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Waterborne vs. Solvent-Based Car Paint: Which Is Better?

Waterborne vs. Solvent-Based Car Paint: Which Is Better?

Every vehicle needs a new paint job from time to time. Even if you are careful about taking care of your car’s finish, every coat of paint will eventually go bad. This might involve fading, cracking, peeling, or any number of other unsightly side effects. And so, if your vehicle is suffering from these issues, or if it’s just become entirely too scratched up and ugly, you will need to get a new paint job. You will have to make the choice between water-based car paint and solvent-based paint, and that choice will be our focus today.

 

Waterborne Vs Solvent Based Paint

Paint consists of a pigment that has been suspended in a liquid. Of course, the liquid used will make a big difference in the properties of the paint. Waterborne paint is obviously water-based, meaning that it consists mostly of pigment and water. A solvent-based paint will generally use toluene, xylene, or some other chemical solvent. For those who don’t know, a “solvent” is any substance that is used to dissolve another substance. In this case, chemicals like toluene and xylene are used to dissolve the pigment. There are a number of reasons why people choose one or the other. Let’s talk a little bit about their pros and cons.

 

Pros Of Waterborne Auto Paint

First of all, waterborne paints are a lot less toxic. While you certainly wouldn’t want to drink the stuff, it presents far fewer hazards to both humans and the environment. This makes waterborne paints a better choice when painting in confined spaces, as you won’t have to worry about the fumes. Paint fumes are normally not that dangerous, but if they build up in a small garage they could make you lightheaded or even make you pass out.

Waterborne paint also tends to produce a brighter, more vibrant kind of color. Because water is a color-neutral substance, there will be nothing to interfere with the tone of the paint, preventing you from getting the color you want. Thus, if you are looking for a very specific kind of color, waterborne paints are also a better choice. Waterborne paint also tends to have better opacity, meaning that you can cover the same area with less paint. This also means fewer coats, saving both time and money. Speaking of saving money, waterborne paints can be made with less pigment, and that is why they tend to be cheaper.

 

Pros Of Solvent-Based Paint

Naturally, water-based paint tends to be a bit thinner. Thus, despite its opacity advantages, waterborne paint isn’t the best for cover-up jobs. If you are trying to hide flaws and imperfections (or a previous paint job), then you will have a harder time here. The thickness of solvent-based paint does make it better for certain things. Despite its thickness, solvent-based paint will usually dry faster. Many of those chemical solvents will evaporate more quickly than water.

Waterborne paint also doesn’t tend to produce as durable of a finish when compared to solvent-based versions. A waterborne paint job isn’t exactly fragile, but solvent-based paint will usually hold up longer, especially in harsh weather. Humidity is another factor to consider when repainting your car. The humidity in the air will affect drying times, and high levels of humidity can sometimes keep the paint from adhering properly. Solvent-based paint has the advantage of being less susceptible to humidity.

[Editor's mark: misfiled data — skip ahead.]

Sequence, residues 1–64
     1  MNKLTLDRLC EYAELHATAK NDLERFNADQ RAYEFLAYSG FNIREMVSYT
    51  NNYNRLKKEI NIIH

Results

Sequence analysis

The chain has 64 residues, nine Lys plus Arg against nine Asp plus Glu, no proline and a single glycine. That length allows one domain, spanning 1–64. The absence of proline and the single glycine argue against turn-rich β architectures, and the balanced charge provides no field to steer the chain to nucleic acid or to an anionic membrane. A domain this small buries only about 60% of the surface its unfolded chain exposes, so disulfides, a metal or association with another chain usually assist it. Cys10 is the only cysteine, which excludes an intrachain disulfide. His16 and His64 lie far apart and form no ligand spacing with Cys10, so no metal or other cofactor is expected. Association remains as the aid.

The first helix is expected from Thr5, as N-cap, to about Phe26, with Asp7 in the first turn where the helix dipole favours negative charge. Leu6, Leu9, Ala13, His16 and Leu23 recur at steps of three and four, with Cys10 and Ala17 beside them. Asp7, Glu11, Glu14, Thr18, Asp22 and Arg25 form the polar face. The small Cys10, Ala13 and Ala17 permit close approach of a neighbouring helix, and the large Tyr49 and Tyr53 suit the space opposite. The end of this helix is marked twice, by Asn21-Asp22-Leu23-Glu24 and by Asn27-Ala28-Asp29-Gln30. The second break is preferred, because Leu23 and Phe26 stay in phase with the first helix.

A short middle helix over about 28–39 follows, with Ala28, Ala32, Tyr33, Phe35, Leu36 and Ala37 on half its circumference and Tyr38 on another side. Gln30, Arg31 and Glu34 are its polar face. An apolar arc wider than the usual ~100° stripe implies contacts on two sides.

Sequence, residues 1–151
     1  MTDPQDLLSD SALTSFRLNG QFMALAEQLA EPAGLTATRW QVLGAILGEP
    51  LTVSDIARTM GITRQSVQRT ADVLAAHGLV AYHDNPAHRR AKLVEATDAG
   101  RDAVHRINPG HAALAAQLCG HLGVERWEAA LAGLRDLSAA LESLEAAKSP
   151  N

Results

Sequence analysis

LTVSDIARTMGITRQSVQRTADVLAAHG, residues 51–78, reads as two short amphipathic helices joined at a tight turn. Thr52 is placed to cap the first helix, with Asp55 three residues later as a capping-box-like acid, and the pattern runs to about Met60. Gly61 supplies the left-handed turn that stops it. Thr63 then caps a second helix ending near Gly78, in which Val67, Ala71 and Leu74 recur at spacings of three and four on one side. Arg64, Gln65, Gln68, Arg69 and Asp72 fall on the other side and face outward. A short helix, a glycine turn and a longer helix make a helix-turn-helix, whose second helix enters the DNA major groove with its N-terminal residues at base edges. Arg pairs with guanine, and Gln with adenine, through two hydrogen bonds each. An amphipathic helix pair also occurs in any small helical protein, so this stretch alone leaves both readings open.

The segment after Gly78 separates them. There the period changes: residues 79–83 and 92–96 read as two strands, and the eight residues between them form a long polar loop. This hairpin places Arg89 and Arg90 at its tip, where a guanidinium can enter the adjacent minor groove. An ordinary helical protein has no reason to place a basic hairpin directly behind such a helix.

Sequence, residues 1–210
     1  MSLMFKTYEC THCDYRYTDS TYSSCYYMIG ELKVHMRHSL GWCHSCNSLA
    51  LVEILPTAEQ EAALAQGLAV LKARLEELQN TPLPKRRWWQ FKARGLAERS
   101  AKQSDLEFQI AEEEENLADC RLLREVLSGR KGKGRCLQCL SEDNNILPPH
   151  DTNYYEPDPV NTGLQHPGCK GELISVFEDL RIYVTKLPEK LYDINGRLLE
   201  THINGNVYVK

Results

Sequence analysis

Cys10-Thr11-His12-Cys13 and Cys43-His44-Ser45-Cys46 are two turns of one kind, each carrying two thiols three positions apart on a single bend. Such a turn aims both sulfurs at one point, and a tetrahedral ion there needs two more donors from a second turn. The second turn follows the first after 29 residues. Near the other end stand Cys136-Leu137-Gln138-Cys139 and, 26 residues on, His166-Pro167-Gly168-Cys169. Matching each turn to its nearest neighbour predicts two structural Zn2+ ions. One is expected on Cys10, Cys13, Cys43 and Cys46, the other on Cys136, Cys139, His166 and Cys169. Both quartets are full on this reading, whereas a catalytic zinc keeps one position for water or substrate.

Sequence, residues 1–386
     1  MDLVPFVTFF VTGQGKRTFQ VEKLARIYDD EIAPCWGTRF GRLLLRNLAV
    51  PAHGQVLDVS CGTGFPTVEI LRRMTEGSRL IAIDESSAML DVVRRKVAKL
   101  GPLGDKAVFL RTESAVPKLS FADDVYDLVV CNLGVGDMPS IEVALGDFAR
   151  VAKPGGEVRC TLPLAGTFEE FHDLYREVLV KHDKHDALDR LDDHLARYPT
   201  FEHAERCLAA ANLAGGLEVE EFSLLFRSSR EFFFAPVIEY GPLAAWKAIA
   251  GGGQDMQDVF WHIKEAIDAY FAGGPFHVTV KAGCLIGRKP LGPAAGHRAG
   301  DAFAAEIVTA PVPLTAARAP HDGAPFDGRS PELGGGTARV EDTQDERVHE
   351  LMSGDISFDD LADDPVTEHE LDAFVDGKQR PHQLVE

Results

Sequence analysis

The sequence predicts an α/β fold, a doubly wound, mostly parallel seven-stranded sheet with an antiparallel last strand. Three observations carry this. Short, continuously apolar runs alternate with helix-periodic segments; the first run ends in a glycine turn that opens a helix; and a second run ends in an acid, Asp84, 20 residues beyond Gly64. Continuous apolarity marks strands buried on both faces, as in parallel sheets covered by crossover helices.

Regulations Might Play A Role As Well

Because solvent-based paints contain toxic chemicals, certain states have chosen to regulate their contents. Thus, depending on where you live, you might not be able to use the best solvent-based products. California, in particular, has taken steps to limit the toxicity of solvent-based paint by prohibiting certain ingredients. Of course, no one is going to throw you in jail for using the wrong car paint, but you can end up with a hefty fine.

 

Which Is Better?

When choosing a tool for any job, you have to think about the specifics of that job. Thus, there are some situations in which solvent-based paint is better. However, we find that waterborne paint is a better choice all around. For one thing, you don’t have to worry so much about environmental regulations when you use this type of paint. For another, the lack of toxicity makes it much safer for all involved. Thirdly, waterborne paints tend to be cheaper while still offering the same level of effectiveness.

In the end, solvent-based paints have a slight durability advantage, and their greater thickness can be a slight advantage as well. However, water-based paints are the superior choice for most jobs. You see, the durability advantage enjoyed by solvent-based paints isn’t as nice as it sounds. All vehicle paint jobs will be covered with a layer of clear coat, and that layer is meant to protect your paint from damage. So, since you will always be adding a little extra “armor” to the finish anyway, the waterborne paint jobs will probably hold up just as long as any other.

 

Conclusion

When it comes to the question of waterborne vs. solvent-based paint, the advantages of waterborne paints outweigh those of solvent-based paints, mostly because they are much more universal. Most people are moving away from the use of toxic chemicals, so it makes sense that solvent-based car paints are now mostly reserved for special purposes.

If your vehicle needs a new paint job, you might be asking yourself: “where is the best auto body shop near me?” If that’s the case, we would recommend calling our experts here at Elmer’s Auto Body. Our shops use only the highest-quality PPG paint and have been proudly serving the community for over 70 years. To find out more, fill out our contact form or give us a call at (856) 218-0202.

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